* When visited by Rentz on October 23rd, Blanchard “was very much confused due to illness in his family, and could give no information regarding his patients who had taken the Elixir.” However, Blanchard was apparently cooperative with the agent during a follow-up investigation.
Elixir-Related Deaths in South Carolina (9 confirmed)
Oscar Chisolm, a 26-month-old “colored” boy,* died on September 30th at Roper Hospital in Charleston. In their investigation of one gallon of elixir that had been shipped to McFalls Pharmacy, local health officials and Inspector Rentz learned on October 22nd that seven prescriptions had been dispensed from this supply. All of these prescriptions, it was determined, had been written by Dr. Jackson, a local “colored” physician.** One of these prescriptions was dispensed on September 24th to the Chisholm boy. The antibiotic elixir was intended to cure his sore throat.
According to a report in the February 1938 issue of the Southern Medical Journal by pathologist Kenneth M. Lynch of the South Carolina Medical College, Chisolm was admitted to Roper Hospital “in a stuporous state” on September 30th. The boy’s creatinine and BUN levels were dangerously high, at 6 and 105 mg/dL, respectively. Chisolm died “about 13 hours later” of “uremia from acute nephritis.” (The South Carolina death certificate also listed “lobar pneumonia.”)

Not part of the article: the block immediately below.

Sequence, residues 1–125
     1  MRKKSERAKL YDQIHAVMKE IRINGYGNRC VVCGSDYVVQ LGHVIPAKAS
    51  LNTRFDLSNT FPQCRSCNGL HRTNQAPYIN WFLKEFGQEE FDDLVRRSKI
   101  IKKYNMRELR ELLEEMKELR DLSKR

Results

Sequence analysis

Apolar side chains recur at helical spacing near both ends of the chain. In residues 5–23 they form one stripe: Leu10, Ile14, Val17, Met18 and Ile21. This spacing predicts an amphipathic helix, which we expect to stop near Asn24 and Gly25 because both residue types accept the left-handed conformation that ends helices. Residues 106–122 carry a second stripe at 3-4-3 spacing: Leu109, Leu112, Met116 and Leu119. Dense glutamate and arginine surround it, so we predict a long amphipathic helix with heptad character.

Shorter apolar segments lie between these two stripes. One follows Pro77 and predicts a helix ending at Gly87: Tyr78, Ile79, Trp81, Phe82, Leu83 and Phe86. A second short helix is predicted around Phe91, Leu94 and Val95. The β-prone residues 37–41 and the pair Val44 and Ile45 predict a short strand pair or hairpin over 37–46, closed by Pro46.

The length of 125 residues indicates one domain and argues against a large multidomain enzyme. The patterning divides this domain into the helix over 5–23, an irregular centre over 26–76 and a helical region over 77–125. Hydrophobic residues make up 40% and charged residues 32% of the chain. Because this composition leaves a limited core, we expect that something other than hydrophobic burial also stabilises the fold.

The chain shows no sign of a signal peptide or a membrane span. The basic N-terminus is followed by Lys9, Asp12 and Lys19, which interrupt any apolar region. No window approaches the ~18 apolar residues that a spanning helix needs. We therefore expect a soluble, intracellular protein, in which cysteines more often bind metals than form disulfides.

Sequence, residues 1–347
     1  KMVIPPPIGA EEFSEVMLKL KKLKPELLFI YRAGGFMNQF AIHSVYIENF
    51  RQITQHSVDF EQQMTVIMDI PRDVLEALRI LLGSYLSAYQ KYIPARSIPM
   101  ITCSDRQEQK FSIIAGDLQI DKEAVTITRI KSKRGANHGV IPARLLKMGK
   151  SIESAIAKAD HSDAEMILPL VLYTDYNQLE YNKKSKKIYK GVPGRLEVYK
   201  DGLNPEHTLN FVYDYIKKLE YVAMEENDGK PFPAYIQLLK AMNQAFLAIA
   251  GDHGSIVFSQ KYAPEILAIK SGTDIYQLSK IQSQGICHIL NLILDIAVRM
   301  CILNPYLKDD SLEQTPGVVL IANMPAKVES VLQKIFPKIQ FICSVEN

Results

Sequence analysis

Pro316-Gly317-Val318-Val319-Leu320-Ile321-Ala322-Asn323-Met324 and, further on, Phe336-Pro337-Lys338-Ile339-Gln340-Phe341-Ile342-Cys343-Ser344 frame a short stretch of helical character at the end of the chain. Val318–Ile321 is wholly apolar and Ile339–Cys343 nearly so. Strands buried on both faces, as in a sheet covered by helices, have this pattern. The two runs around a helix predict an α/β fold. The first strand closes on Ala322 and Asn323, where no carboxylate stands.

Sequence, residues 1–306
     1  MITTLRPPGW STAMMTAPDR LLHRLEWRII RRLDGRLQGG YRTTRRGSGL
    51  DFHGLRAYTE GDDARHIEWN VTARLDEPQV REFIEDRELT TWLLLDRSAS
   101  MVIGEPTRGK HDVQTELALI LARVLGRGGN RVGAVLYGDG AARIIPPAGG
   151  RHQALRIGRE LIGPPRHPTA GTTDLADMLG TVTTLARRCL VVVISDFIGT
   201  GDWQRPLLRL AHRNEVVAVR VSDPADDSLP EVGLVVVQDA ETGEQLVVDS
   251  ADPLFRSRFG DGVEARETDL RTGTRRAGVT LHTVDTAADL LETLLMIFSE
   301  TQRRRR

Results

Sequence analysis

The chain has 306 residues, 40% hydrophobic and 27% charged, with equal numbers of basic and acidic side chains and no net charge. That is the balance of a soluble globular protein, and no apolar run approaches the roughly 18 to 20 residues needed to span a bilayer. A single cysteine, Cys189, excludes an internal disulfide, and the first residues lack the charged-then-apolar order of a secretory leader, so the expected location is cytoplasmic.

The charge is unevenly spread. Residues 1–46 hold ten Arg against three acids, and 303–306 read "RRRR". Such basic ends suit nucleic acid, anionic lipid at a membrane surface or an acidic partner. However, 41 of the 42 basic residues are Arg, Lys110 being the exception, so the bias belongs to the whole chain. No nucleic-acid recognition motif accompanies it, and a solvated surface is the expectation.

Lynch’s autopsy revealed “markedly” enlarged, necrotic kidneys and “disintegration of the epithelial lining of the secretory portion of the tubules.” The liver was also moderately enlarged.
On October 2nd, Oscar Chisholm was buried in Jacksonboro, according to his South Carolina death certificate. It was apparently never determined how much of the two-ounce elixir prescription the boy had consumed.
* Parents were Oscar and Rosetta.
** According to FDA correspondence, two of these prescriptions, one to a “colored woman” and one to a seven-year-old “colored girl,” caused “no ill effects.” Letter from J. J. McManus to Chief, Eastern District. November 16, 1937. NARA, RG88, FDA general correspondence, 1937. College Park, MD.
Ella Blanche Washington, a three-year-old “colored” girl,* also died on September 30th at the Roper Hospital in Charleston. Like Oscar Chisolm, the girl had received a prescription from Dr. Jackson, which was filled by McFalls Pharmacy on September 24th. Death was attributed to “acute nephritis” and “uremia,” the underlying cause of which was unknown at the time of death. The amount of elixir consumed by the toddler (from a three-ounce prescription) was never determined, and the reason for treatment was not described by the FDA. An autopsy was not performed.